I recently decided to shake up my lab routine and schedule in an effort to enhance my productivity. Many of my lab mates live in apartments right across the street from lab and spend long “hours” in lab but aren’t particularly engaged with their work or busy during that time. My commute is more like 30-40 minutes, and perhaps more importantly, I’ve been wanting to get out of some of the bad habits I developed near the end of my PhD – namely, spending entirely too much time in lab unfocused and letting the rest of my life and work suffer for it. At the end of my grad work it seemed like I was going to be there all the time no matter what I did, but I think trying to get work done efficiently and go on to get other things in life done is a much better lifestyle for me.
To start, I spent some time reflecting on the periods of time I felt most productive in the lab. Certainly those final pushes to the PhD felt productive, but those were narrow in focus with specific experimental goals. These days I am balancing a far wider palette of experimental goals and day to day tasks. It led me to think about the early years, when I was a super-productive undergraduate researcher, getting research done and doing lab management part-time while taking a full load of classes.
I started working in the lab in the summer of 2003 as an undergraduate. Looking back, this was an interesting moment to start lab work in terms of the role of computer in the laboratory.
When I was an undergrad, laptops were heavy things, phones were dumb, and texting was not a thing anyone I knew did. You didn’t haul your laptop from class to class. We had two lab computers that everyone shared and it was understood that you were to use those first and foremost for lab tasks. If you were just surfing the Internet, anyone with a science task to do had every right to kick you off. I definitely used the computer as a tool to find papers and answer lab questions but didn’t spend much time on it in lab. If I had spare time between experiments I would be making a buffer or prepping for the next experiment or restocking tips or otherwise organizing our laboratory space.
In graduate school, however, it was a different story. In two of the three labs I rotated in, everyone brought their laptops to work and immediately set them up on their desks first thing every morning. In the third lab, each member had a lab-issued iMac on his or her desk waiting on them. With a computer at my desk, especially my computer on my desk, the nature of downtime in lab started to take a shift. Certainly it would be possible to look up papers in those free moments. But instead of making buffers, I found myself checking Facebook (who hasn’t?).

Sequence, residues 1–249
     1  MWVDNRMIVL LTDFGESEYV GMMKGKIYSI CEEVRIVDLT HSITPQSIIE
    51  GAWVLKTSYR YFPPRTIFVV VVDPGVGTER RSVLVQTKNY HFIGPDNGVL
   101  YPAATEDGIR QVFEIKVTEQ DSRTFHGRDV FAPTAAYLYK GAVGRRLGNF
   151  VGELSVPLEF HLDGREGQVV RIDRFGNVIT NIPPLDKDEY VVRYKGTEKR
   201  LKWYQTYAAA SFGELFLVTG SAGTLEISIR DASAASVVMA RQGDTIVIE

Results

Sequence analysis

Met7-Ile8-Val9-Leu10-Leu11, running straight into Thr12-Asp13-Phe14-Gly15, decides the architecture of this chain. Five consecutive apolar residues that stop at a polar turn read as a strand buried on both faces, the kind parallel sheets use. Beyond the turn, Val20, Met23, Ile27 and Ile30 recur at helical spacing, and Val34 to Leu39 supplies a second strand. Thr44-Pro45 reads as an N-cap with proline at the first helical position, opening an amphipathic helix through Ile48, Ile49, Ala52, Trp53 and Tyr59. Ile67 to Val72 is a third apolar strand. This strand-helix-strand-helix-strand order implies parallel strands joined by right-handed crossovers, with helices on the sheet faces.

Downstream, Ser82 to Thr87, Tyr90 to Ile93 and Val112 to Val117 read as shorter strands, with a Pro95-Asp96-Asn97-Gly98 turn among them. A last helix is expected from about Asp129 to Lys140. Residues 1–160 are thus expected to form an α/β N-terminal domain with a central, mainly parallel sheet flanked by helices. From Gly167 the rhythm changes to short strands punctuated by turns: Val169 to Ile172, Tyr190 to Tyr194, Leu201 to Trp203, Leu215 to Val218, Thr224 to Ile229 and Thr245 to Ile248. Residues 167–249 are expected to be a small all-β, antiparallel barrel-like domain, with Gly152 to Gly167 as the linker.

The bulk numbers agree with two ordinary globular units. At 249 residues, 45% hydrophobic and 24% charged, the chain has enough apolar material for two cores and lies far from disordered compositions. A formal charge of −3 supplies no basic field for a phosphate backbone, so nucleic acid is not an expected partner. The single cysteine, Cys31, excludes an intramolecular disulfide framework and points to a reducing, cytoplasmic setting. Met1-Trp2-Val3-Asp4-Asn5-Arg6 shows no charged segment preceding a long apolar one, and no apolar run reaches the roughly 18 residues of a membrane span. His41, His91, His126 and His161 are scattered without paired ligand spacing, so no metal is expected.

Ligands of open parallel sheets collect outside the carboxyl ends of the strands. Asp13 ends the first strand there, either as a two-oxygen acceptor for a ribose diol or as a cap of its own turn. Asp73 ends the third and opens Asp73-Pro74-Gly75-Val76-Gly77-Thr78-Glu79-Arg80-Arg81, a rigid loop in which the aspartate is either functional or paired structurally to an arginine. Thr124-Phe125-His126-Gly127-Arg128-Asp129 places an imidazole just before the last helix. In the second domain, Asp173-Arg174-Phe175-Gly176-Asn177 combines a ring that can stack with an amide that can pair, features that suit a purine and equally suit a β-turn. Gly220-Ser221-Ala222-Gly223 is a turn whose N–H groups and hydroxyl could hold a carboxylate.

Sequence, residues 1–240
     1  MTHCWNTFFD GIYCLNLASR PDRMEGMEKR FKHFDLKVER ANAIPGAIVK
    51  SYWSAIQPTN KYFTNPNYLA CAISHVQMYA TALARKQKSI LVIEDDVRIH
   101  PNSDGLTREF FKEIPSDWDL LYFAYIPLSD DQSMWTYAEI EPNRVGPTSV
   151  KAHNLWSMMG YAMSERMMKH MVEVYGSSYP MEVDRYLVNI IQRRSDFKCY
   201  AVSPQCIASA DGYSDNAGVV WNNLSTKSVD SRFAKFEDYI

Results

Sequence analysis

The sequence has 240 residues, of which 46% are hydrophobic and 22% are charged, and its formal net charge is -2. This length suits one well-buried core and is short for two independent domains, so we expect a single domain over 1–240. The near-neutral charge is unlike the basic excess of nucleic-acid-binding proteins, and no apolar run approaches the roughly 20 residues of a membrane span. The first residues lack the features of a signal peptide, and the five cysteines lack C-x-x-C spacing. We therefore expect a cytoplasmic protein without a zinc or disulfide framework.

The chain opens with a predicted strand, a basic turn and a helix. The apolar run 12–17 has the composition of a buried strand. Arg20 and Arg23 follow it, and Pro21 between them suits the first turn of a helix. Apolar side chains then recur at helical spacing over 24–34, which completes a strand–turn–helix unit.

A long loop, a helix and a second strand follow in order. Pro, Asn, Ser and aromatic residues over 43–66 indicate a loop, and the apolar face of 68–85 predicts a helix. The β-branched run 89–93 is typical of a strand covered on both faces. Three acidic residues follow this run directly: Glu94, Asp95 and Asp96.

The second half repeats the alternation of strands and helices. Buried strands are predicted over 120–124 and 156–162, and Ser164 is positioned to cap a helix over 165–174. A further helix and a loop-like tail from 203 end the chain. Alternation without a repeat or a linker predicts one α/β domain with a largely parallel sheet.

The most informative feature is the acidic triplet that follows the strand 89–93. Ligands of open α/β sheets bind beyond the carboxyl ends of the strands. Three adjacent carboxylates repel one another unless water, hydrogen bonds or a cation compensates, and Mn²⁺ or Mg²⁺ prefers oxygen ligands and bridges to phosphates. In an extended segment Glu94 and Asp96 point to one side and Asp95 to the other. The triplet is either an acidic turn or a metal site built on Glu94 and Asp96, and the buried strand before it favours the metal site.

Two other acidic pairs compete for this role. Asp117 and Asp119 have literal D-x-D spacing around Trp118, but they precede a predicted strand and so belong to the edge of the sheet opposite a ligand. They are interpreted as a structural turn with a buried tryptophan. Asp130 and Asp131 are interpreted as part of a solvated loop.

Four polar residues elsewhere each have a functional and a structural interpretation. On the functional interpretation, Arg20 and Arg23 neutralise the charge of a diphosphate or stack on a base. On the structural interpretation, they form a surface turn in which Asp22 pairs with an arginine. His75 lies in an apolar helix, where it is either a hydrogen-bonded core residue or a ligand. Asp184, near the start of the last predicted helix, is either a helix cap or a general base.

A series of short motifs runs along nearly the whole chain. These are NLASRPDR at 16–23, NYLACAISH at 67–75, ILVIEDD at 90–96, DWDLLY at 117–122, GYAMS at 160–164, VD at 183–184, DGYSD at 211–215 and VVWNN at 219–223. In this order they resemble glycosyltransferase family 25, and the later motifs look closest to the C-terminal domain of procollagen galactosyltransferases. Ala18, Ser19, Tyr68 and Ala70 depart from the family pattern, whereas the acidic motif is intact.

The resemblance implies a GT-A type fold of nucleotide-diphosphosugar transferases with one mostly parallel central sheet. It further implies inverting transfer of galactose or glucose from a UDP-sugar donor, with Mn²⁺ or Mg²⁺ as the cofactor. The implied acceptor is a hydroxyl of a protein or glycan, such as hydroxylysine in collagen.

When I moved to my postdoc, I found an odd mix of the same – a few lab computers that were shared for explicitly lab tasks, but everyone bringing their own netbooks and laptops and smartphones to surf the internet with.
At some point, I decided that having a computer there at the ready was doing more harm than good for my laboratory achievements. I figured that evicting my laptop from the lab and only using the lab computer for most tasks could help me focus on the work at hand and completing it in the most efficient manner possible, not in a manner that favors long sedentary periods at my desk.
I have been fairly satisfied with the experiment three weeks in. I find that I spend less time on the Internet overall – the websites that were tempting must-reads in between Western blot washes don’t have the same allure when I’m at home and could be doing other things. I do use my smart phone to look up information quickly and to keep up with the happenings of the universe via Twitter (and listening to NPR via the Public Radio Tuner). I still look for and read papers but it is a more concentrated search.
Moreover, I find myself getting a lot more done in lab. I’m reclaiming those tiny snippets of time that I was freely giving up to the internet with the small things that let one stack experiments in an efficient manner. I’m not perfect at it every day but I feel more productive and have the completed to-do lists and data attempts to prove it. The day the data attempts turn into publishable data, I will brand this experiment a grand success, but with me and my advisor being happier with my progress, I may already be at great success levels.
If I were starting a lab tomorrow, I think I’d encourage communal computers for accountability purposes in most situations. This is obviously an option best for scientists who have an experimental, not computational approach, but unplugging from the Internet if possible could attain similar results. Clearly qualifying examinations, dissertation writing, paper writing, and grant writing are exceptionally computing-heavy times where an individual really needs their own electronic space. For these situations, I’ve found the applications Freedom and Anti-Social to be helpful in attaining similar goals of distraction-free work. Freedom blocks Internet access entirely while anti-social lets you block specific distracting domains (facebook.com, twitter.com, reddit.com, gawker.com, nytimes.com, whatever suits you) for a specific period of time.
I do wonder about the current trends in lab design – a bench and a desk with a computer on it for every scientist – and how these trends influence the way we work. I don’t think that design trend is changing anytime soon but I do think it is worth examining our habits of work – first thing, get in and set up the computer or start the first experiment? – to help keep the communication and analysis tools we have at hand from impeding the work we set out to do in the first place.